By Anushree Edbor Fernandes
“Born and brought up in Mumbai and settled in Goa for the past 8+ years.” At the age of 34, this statement gets me two broad reactions, both being at two extreme ends of the reaction spectrum. They are somewhat like this:
Reaction #1 – “Oh! It must be hard adjusting to the slow life here.”
Reaction #2 – “Wow! You lucky girl, Goa is a dream come true!”
Reaction #2 is what suits me best. My mother being Goan, most of my summer vacations were spent in the houses of my family. Childhood memories were exciting times spent with my ‘Maxen’ (mother’s sister), ‘Timai’ (Father’s brother’s wife), ‘Mamaas’ (mother’s brothers), and cousins. Now imagine the opportunity of settling down in a place filled with only your best childhood memories!
Some thoughts as I sit sipping my evening ‘Futi Chau’ (sweet black tea) with a lovely crusty ‘Kankon’ (Goan bangle-shaped bread rather crusty and firm)…
Love and marriage brought me to Goa. Around 8 years back, when I packed up 26 years of my life in boxes and loaded it onto the ‘Chota Hathi’, my mind was in a tizzy; what would a Mumbaikar do in Goa?
Fast forward to my life now in Goa. The transition was not difficult at all. One of the main reasons being I shifted to Goa after marriage with a job in hand at a good organization. I had less than one week between shifting from Mumbai and starting my new job in Goa. If you are in the pursuit of a well-balanced life, Goa is the best place to be, provided you have a good job or business that keeps you engaged. Everything that Mumbai could offer me, Goa has it all, minus the hubbub of travel in the crowded local trains and traffic jams. Time poverty is what many metro city dwellers suffer from. In Goa, I am ‘time rich’ by several hours!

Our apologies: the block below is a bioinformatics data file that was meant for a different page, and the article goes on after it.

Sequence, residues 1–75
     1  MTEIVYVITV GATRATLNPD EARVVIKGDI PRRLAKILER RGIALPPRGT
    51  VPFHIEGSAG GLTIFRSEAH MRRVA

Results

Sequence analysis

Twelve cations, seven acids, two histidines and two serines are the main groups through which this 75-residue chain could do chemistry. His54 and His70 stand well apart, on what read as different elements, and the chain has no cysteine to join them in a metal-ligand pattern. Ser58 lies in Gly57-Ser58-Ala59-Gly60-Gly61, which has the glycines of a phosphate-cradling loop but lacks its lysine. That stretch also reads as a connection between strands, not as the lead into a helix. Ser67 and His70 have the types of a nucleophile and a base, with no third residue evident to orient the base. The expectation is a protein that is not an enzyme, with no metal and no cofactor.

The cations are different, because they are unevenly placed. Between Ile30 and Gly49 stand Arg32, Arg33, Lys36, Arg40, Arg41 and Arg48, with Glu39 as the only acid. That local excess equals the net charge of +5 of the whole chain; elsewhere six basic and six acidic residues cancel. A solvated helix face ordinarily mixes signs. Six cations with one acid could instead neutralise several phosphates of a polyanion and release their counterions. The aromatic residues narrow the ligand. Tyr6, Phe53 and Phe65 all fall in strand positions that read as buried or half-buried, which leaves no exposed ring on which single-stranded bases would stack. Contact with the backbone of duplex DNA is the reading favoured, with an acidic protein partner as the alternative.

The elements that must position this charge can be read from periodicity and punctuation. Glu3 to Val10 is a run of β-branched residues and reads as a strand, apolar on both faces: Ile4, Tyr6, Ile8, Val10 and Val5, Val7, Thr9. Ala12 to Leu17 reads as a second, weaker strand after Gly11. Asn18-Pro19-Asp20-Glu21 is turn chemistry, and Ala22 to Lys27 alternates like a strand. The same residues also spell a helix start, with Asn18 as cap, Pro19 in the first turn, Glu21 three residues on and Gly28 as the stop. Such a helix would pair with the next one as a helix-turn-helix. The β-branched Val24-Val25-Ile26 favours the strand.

Here, time is spent on activities that may seem simple as compared to life in metro cities where one may not have the privilege of indulging in these simple pleasures of life, e.g. playing with my children in the evenings, going for a walk with my hubby, pursuing interests and hobbies, meeting interesting people. All this is possible even on workdays and not just on weekends.
My husband Clifford and I love to explore offbeat places and experience hidden gems of Goa along with our children. Though Goa is internationally known for its beaches, it is so much more than that! Some interesting experiences for me have been taking an early morning canoe ride in the cool backwaters as the birds chirp away, spotting nests of weaver birds, setting off for a ‘clay walk’ in the fields alongside the backwaters, and having ‘Patal Bhaji’ (a vegetable dish consisting of potato and peas in a thin gravy) and ‘Pao’ (Konkani for bread) prepared in a local home kitchen. Goa is filled with panoramic viewpoints for the setting Sun like the lush green island of Divar, which is just a ferry ride away, making for a romantic ride and a fun evening for the entire family. We are fortunate to have forts around Goa, which makes it an interesting activity for children to explore, filled with nooks and corners, letting their imagination come alive. Our favourite forts are Cabo De Rama, in South Goa, with its mesmerizing views, and Reis Magos Fort at Verem, North Goa, with its many stairways, including the Mario Miranda museum housed in its main hall.